Orion’s European Service Module Arriving For First Mission

Technicians work underneath the European Service Module for NASA’s Orion spacecraft to complete final preparations before shipment to the United States. Image Credit: ESA/A. Conigli

October 25, 2018 – NASA is inviting media to its Kennedy Space Center in Florida at 9 a.m. EST Friday, November 16, for an event marking the arrival from Bremen, Germany, of the European Service Module – the powerhouse that will supply NASA’s Orion spacecraft with electricity, propulsion, thermal control, air and water.

NASA Administrator Jim Bridenstine and ESA (European Space Agency) Director General Jan Wörner, as well as other senior leaders from NASA and ESA will discuss with media the international cooperation needed to send humans to the Moon and Mars. The event will air live on NASA Television and the agency’s website.

Following remarks, media will have the opportunity to speak with subject matter experts and tour Kennedy facilities until approximately 12:30 p.m. to get a glimpse of the work underway to prepare for the first launch of Orion and NASA’s Space Launch System, including Exploration Ground Systems.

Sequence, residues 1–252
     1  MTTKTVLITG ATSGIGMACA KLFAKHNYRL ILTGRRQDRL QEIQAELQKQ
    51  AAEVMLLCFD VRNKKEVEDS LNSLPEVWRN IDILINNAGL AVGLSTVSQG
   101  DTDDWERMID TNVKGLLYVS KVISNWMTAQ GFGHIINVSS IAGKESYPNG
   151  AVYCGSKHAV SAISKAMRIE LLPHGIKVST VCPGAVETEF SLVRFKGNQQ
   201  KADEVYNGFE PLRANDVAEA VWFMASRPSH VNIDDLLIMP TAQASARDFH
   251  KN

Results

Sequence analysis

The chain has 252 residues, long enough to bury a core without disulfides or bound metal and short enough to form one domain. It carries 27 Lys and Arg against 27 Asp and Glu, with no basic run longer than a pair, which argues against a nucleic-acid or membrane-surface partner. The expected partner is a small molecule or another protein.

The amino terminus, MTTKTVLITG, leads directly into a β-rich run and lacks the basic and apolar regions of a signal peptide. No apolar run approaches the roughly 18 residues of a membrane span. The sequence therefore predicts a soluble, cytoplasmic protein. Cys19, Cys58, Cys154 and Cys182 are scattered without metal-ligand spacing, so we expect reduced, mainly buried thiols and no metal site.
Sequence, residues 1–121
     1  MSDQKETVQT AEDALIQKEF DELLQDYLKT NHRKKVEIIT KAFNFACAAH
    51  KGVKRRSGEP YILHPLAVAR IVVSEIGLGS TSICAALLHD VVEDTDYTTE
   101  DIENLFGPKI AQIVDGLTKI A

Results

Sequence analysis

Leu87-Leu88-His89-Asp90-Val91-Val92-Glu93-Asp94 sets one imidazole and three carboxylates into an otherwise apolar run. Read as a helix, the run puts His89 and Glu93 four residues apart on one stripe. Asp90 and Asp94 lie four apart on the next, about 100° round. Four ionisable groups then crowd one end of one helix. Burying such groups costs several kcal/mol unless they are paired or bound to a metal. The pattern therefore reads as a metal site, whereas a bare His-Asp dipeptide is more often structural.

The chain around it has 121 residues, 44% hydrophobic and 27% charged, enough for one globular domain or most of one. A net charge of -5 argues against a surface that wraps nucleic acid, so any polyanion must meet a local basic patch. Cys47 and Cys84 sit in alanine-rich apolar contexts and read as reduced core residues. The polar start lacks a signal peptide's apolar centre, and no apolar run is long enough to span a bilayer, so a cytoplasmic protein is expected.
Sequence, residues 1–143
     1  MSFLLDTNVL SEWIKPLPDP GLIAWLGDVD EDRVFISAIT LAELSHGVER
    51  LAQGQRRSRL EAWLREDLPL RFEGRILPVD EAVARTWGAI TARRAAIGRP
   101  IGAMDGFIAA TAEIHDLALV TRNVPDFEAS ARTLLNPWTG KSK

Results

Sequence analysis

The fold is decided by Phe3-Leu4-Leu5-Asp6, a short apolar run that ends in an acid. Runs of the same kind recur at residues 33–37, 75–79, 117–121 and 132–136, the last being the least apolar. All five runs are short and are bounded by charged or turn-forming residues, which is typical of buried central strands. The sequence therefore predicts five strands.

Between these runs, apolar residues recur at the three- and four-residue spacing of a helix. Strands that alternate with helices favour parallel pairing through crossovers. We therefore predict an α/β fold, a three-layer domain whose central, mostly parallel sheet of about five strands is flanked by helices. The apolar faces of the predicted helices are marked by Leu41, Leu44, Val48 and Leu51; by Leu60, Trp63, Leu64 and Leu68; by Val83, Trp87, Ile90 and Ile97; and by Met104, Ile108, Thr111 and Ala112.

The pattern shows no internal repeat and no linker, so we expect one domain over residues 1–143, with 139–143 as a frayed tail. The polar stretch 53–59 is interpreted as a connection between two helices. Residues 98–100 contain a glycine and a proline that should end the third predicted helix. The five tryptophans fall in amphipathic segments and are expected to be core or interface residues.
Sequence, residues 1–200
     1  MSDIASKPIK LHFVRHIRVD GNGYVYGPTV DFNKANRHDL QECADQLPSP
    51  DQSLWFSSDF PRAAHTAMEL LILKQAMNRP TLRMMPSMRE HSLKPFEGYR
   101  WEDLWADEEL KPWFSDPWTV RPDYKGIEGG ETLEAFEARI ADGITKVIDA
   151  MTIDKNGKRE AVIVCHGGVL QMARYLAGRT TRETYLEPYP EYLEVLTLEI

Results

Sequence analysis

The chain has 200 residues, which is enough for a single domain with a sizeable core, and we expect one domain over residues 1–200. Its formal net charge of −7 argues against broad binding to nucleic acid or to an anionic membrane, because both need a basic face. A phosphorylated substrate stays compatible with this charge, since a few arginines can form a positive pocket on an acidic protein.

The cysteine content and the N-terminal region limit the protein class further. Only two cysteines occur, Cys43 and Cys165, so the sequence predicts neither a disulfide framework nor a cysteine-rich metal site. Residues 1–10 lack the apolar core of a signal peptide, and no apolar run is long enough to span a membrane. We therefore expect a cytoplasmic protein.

Applications for U.S. media credentialing must be received by Friday, November 9. Foreign national media must apply by Wednesday, October 31. To submit an accreditation request, visit:

https://media.ksc.nasa.gov/

Media accreditation questions may be directed to Kennedy’s newsroom at 321-867-2468.

For the first time, NASA will use a European-built system as a critical element to power an American spacecraft, extending the international cooperation of the International Space Station into deep space. The European Service Module is a unique collaboration across space agencies and industry including ESA’s prime contractor, Airbus, and 10 European countries. The completion of service module work in Europe and shipment to Kennedy signifies a major milestone toward NASA’s human deep space exploration missions to the Moon and beyond.

At Kennedy, the service module will undergo integration with the Orion crew module, built by prime contractor Lockheed Martin, in preparation for Exploration Mission-1– a flight test farther into space than any human spacecraft has ventured.